Debbie McFarland: Rash decisions like I should have a sale.

Allison Tyler Jones: Right. It’s easy to do something quick like that rather than to think, okay, how could I be really creative about this? And we are creative. So if we just take a minute and pause and think, look at all the creative things that you’ve done. You’ve started this Spark of Kindness, you’re doing this tween empowerment, now you’re going to start a flower farm. I mean, there’s no lack of ideas over at the McFarland residence.

Debbie McFarland: Lot of ideas. I just need more time, which was the other problem. I was working all the time. I didn’t have time to do… I wanted to serve them in a deeper level.

Allison Tyler Jones: Okay. Talk more about that, how your business was before you made this change versus how it is now, as far as the time that you’re spending and how satisfied you are with your career.

Debbie McFarland: Oh yeah. It’s so exciting for me now. For example, with these tweens, I’m doing now tween empowerment photo sessions. I started that maybe two years ago. So what I do is I have the moms send out questionnaires… The kids don’t have any idea that we’re doing this. They just think we’re doing a cool photo shoot. In the meantime, mom sends out questionnaires to people that love them or admire them. Might be a coach or a grandma or a neighbor or a teacher or something like that. My questions are all geared towards the inner qualities that they admire of this tween. So in addition to showing them the beautiful images, how beautiful they’re on the outside, I want to show them that what really matters is what’s on the inside and if you don’t love yourself, it’s not going to shine outward and show.

Debbie McFarland: So when they come in to see their slideshow during their view and order appointment, the kids don’t have any idea that this is coming. But these words start popping up. So they’ll have these beautiful images, and then it’ll be like, “Well, I remember one time in our classroom she shared her cookies with the new student who was feeling lonely,” and it’s Mrs. So-and-so. And then the kids are like, “How in the world do you know Mrs. So-and-so? How do you know my soccer coach? How do you know my vocal teacher?”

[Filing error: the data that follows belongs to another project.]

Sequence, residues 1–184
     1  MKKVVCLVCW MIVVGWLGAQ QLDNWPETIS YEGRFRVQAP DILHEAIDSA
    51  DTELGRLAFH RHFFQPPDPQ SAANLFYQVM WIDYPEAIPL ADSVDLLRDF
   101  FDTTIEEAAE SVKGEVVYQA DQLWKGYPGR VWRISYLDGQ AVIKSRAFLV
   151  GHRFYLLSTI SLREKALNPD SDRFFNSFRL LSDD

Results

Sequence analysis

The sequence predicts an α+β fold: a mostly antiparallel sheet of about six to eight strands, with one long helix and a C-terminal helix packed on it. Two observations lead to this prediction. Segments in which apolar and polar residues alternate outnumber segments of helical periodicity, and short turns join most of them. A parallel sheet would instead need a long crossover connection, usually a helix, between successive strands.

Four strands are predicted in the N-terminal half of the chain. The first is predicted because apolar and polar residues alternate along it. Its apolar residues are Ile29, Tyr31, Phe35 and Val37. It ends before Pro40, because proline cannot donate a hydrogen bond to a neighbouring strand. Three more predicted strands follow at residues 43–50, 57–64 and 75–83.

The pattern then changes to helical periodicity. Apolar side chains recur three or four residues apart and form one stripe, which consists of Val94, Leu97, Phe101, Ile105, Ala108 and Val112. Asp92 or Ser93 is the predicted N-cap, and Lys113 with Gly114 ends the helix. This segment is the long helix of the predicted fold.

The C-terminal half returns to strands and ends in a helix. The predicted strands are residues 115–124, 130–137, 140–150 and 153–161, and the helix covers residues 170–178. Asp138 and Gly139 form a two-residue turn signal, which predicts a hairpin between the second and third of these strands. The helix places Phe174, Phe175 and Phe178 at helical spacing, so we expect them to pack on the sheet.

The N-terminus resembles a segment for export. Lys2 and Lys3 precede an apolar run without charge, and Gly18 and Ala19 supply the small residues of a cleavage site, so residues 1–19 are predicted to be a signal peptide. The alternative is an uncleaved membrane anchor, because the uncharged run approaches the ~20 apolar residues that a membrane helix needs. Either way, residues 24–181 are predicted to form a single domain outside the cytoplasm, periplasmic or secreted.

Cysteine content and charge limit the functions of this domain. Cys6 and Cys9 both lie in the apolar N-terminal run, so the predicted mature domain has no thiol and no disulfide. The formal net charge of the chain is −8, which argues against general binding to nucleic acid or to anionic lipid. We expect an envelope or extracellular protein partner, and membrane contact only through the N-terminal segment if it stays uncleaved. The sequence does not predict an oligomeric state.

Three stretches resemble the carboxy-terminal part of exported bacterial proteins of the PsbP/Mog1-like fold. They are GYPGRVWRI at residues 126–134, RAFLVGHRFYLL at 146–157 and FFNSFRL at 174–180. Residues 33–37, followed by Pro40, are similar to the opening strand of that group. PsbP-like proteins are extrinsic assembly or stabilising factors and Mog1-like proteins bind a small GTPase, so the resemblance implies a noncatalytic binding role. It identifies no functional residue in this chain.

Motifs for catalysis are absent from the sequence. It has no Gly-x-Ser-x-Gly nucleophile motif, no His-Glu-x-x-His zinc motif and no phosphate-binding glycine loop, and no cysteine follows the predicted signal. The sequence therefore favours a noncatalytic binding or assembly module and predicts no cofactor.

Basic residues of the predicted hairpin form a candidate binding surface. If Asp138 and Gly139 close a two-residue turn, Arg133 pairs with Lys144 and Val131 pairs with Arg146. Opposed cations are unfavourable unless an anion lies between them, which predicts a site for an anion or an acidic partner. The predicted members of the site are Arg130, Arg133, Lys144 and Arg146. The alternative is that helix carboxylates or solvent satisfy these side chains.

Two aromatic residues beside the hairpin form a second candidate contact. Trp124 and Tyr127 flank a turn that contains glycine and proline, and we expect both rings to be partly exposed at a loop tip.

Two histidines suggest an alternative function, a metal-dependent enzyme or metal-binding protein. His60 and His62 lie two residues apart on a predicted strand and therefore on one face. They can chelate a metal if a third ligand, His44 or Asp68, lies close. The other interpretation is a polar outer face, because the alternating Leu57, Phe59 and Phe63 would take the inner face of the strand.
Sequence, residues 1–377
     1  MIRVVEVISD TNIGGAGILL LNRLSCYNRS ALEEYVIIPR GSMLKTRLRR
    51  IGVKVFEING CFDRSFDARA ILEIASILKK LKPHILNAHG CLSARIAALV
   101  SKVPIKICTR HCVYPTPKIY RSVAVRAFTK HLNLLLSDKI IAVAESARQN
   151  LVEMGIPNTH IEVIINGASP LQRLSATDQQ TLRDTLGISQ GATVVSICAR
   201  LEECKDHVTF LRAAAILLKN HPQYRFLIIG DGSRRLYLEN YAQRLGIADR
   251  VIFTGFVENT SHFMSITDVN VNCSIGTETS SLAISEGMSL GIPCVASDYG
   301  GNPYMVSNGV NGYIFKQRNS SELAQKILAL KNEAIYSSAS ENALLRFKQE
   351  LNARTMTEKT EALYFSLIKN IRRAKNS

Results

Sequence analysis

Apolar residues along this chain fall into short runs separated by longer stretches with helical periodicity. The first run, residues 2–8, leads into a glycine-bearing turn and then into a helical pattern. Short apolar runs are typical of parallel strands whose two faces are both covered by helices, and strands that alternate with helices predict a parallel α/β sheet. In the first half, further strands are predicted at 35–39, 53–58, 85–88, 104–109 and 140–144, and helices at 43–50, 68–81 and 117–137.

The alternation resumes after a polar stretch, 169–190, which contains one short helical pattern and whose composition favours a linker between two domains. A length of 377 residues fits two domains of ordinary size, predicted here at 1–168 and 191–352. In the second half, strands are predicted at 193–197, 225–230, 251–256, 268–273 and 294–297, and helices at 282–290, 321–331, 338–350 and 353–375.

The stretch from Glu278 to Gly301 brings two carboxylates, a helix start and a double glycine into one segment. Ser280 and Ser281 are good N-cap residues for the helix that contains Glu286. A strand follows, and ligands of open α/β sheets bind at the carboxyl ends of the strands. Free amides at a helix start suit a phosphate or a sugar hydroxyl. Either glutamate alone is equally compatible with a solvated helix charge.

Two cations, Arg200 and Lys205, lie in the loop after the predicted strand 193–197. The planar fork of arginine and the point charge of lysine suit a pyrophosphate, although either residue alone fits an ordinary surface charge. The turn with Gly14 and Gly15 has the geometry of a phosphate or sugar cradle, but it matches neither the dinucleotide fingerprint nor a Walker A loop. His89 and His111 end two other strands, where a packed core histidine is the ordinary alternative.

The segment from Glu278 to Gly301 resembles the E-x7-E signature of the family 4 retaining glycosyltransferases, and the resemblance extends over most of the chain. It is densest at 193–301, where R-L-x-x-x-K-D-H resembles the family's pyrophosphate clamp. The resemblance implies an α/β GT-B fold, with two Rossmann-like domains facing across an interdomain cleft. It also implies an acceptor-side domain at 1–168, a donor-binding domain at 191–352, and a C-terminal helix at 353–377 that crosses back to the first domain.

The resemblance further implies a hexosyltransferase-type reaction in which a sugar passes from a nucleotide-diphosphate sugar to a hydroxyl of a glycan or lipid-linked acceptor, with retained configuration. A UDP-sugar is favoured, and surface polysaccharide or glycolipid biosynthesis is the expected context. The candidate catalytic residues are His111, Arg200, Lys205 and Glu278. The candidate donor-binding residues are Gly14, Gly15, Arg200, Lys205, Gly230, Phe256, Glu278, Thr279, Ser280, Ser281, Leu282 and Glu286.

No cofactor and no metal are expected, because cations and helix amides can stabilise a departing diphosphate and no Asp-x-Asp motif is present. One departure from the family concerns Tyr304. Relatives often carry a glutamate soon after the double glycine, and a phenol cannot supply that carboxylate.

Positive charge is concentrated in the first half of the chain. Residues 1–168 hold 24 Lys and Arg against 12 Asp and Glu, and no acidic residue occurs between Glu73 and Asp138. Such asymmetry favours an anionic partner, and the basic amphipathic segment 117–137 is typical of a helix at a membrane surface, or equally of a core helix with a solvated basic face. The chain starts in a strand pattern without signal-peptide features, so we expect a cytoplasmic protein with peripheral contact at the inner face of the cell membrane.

Allison Tyler Jones: Oh my gosh. That’s so cool.

Debbie McFarland: And the kids, I’ve seen them, they just start crying. They’re laughing and crying at the same time.

Allison Tyler Jones: No.

Debbie McFarland: And their moms are like, “Are you crying? Why are you crying?” “I just didn’t know people felt these things about me.” It gives me goosebumps thinking about it now.

Allison Tyler Jones: I know, I have goosebumps right now. So you’re getting this information from the questionnaire from the mom, and then you’re taking those quotes and putting them on a slide and then putting them into their slideshow when they come to see their images?

Debbie McFarland: Yes.

Allison Tyler Jones: Okay.

Debbie McFarland: And then what most moms order is, based on me recommending it-

Allison Tyler Jones: Yeah, of course.

Debbie McFarland: It’s on a wall portrait where the girl feels really empowered, her favorite picture for her room. Sometimes they’ll take out the mirror in the girls’ bedrooms and just have this up on the wall. But then they’ll do all their other favorites in an album and I will include those quotes in the album so that when the girls are having a rough day, if somebody bullies them at school or if they have those inner negative thoughts in their head that are replaying, like we all do, they can just pull their album back out and read all the things that other people have said about them and see these beautiful images when they were beautiful and they did feel confident during that time. It helps them remember that time when we were together, when I was making them feel that way.

Allison Tyler Jones: That’s amazing.

Debbie McFarland: I could never have done that when I was working all the time.

Allison Tyler Jones: Okay. Yes, exactly. Because when you’re retouching or editing until three in the morning and you’re just running around being busy, then you don’t have the time to devote that level of service because that does take time.

Debbie McFarland: It’s a lot more time consuming, right. But it’s really fueled my passion for photography and the whole reason I started it, as well as helping families connect. I mean, I feel like so many families have been struggling since COVID. During that time when they were at home, it was like, here’s your tablet, here’s your phone, whatever. There’s just been such a disconnect at home and their home life. So if I can give them this time together to snuggle and love on each other and laugh and play. Nobody plays anymore as a family without… Okay, if they all happen to leave their phone in the car, or I tell them to, and they just play. Then that’s the same kind of thing when mom has this picture on the wall. She remembers that time together that they had.